True self-awareness is not just in knowing how we behave but recognizing that there are things we don’t see.  When we have an uncomfortable communication with some one who behaves differently than us we leap to judgment.  We may see them as flippant, demanding, wishy-washy, boring or any of an infinite number of things that are simply constructs of our own style.  We see a ghost who is not there.

And so does the ghost.  We are not just reading others, but being read, we are not the only ones making judgments, but being judged.  And try as we might, the Mirror Neuron System of both parties makes it impossible to get away with it.

Beyond Profiling

Many people think Extended DISC Profiling is all about how people appear to each other based on behavior.  It goes beyond that.  Extended DISC Profiling is a powerful interpersonal and business tool.  It gives us a framework to predict how others will behave and how to adjust our styles to make them comfortable.  It helps us to see what is real and what is imagined.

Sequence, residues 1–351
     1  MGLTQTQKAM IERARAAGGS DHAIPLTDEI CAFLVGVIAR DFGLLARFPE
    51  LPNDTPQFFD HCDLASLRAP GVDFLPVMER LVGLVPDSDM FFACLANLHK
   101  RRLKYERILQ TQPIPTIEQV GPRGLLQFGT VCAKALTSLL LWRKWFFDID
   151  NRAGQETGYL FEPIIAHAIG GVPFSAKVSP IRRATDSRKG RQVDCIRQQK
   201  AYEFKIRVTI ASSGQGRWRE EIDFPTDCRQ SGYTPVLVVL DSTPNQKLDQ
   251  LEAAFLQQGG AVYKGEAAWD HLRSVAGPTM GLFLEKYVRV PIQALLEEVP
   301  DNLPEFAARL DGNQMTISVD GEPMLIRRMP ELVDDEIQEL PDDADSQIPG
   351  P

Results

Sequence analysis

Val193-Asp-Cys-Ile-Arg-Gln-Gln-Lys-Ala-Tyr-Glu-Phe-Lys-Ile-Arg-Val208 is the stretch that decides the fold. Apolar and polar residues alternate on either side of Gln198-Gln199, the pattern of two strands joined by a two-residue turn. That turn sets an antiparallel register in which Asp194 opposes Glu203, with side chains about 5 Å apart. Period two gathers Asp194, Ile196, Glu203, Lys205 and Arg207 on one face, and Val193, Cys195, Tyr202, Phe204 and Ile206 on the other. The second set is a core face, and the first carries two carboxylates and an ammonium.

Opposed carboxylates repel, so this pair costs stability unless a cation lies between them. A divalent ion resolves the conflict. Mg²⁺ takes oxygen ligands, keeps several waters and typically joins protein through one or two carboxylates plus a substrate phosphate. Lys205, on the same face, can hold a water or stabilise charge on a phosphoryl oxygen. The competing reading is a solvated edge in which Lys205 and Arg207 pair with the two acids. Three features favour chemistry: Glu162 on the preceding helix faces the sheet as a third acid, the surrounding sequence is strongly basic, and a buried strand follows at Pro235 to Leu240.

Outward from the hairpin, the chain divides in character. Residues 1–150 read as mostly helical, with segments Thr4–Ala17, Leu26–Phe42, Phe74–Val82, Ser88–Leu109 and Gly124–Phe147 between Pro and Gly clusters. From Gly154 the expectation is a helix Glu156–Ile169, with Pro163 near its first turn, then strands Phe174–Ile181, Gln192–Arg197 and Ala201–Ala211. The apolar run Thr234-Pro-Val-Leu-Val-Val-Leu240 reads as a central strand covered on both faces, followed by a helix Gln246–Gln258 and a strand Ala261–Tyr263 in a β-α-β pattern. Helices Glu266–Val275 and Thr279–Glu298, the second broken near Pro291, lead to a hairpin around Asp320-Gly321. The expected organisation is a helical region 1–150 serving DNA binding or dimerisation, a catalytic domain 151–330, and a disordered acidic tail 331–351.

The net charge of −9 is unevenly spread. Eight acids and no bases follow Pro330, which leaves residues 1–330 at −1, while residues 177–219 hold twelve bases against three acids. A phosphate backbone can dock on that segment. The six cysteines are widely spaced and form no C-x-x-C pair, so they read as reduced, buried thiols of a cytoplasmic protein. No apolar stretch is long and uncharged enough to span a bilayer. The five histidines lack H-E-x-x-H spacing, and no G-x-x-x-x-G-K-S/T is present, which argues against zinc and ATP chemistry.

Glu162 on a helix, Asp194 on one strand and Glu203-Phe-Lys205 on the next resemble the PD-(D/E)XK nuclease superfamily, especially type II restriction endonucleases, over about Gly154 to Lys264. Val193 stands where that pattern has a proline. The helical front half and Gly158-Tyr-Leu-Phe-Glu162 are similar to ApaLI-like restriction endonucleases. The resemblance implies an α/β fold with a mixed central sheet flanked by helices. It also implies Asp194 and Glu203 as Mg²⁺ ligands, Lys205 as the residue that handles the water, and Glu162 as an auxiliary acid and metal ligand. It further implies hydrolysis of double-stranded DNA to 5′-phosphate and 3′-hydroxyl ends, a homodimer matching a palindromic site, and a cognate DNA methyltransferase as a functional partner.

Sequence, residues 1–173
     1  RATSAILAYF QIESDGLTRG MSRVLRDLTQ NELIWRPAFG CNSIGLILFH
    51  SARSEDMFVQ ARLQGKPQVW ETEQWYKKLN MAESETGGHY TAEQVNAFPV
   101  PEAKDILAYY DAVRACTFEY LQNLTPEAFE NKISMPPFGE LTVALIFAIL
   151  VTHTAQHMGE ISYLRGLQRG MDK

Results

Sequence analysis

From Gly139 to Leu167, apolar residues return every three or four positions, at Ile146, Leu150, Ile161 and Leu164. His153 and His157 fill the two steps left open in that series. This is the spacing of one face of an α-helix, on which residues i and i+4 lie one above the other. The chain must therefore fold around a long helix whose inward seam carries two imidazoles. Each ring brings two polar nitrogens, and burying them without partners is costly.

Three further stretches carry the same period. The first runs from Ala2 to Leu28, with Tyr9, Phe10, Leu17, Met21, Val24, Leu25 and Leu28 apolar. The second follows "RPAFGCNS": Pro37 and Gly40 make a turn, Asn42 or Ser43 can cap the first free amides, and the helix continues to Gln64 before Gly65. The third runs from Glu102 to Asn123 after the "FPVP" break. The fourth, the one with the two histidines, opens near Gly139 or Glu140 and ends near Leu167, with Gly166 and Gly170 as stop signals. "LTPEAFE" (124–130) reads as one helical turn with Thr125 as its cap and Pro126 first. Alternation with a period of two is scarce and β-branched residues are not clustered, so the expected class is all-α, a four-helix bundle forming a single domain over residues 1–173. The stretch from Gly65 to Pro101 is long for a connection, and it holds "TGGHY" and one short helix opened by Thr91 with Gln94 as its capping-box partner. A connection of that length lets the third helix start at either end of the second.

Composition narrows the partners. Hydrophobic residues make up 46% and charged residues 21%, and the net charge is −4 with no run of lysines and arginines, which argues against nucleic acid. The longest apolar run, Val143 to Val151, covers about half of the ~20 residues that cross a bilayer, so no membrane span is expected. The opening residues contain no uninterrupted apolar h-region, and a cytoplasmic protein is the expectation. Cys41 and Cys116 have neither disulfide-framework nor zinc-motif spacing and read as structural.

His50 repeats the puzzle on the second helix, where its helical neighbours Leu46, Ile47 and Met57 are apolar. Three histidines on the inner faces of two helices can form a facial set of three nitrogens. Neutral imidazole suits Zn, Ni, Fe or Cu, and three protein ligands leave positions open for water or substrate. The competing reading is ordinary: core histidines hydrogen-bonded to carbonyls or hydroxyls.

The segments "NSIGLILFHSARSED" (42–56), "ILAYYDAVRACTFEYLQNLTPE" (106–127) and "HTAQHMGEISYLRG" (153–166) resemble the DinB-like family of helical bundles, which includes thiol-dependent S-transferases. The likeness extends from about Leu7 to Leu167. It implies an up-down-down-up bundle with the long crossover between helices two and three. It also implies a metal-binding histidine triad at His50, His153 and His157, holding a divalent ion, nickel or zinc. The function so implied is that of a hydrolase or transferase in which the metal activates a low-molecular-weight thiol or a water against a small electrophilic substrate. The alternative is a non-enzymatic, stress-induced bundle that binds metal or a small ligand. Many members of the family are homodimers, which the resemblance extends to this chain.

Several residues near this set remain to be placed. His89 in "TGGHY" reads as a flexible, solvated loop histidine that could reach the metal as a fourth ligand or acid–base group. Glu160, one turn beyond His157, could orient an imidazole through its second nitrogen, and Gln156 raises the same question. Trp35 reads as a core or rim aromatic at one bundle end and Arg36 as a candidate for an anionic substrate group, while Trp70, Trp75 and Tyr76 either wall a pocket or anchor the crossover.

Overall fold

We end where we begin.  How are you?  Are you real or a ghost?

Let me know.

For more information on Tom and the Coffman Group, check out their webpage or contact Tom at tom@coffmangroup.com

Tags:  business development  sales 

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When it comes to finding young STEMM talent, KC companies yearn for experiential learning

Posted By Alex Erwin, Friday, March 2, 2018

Kansas City has the potential to be in the top 10 cities of peer metros by 2025 as measured by GDP, household income and number of quality jobs (KC Rising). A threat to this goal is a lack of available talent, cited by companies aspiring to grow here. To address this problem, The University of Kansas and AstrumU hosted a College and Career Pathways Summit on the Edwards Campus on February 26th, where experienced panelists discussed the challenges of finding and curating talent in our region.


The panel was moderated by KU Edwards Vice Chancellor David Cook and included Sandy Price, a former Sprint Executive and current Co-Chair of KC Rising who brought a comprehensive understanding of workforce data for our region, Leo Morton, COO of DeBruce Companies and former UMKC Chancellor who delivered unique insights from the transect of industry and academia, Laura Evans, Senior Director of Human Capital and Talent Development at Cerner who brought a comprehensive understanding of scalability, and Chris Gould, the Director of Global Talent Acquisition at Black & Veatch who has extensive experience working with universities to find talent for a company with work all around the globe.


The word of the day seemed to be adaptability, with each panelist citing this trait as the most sought-after in employees. This is for multiple reasons: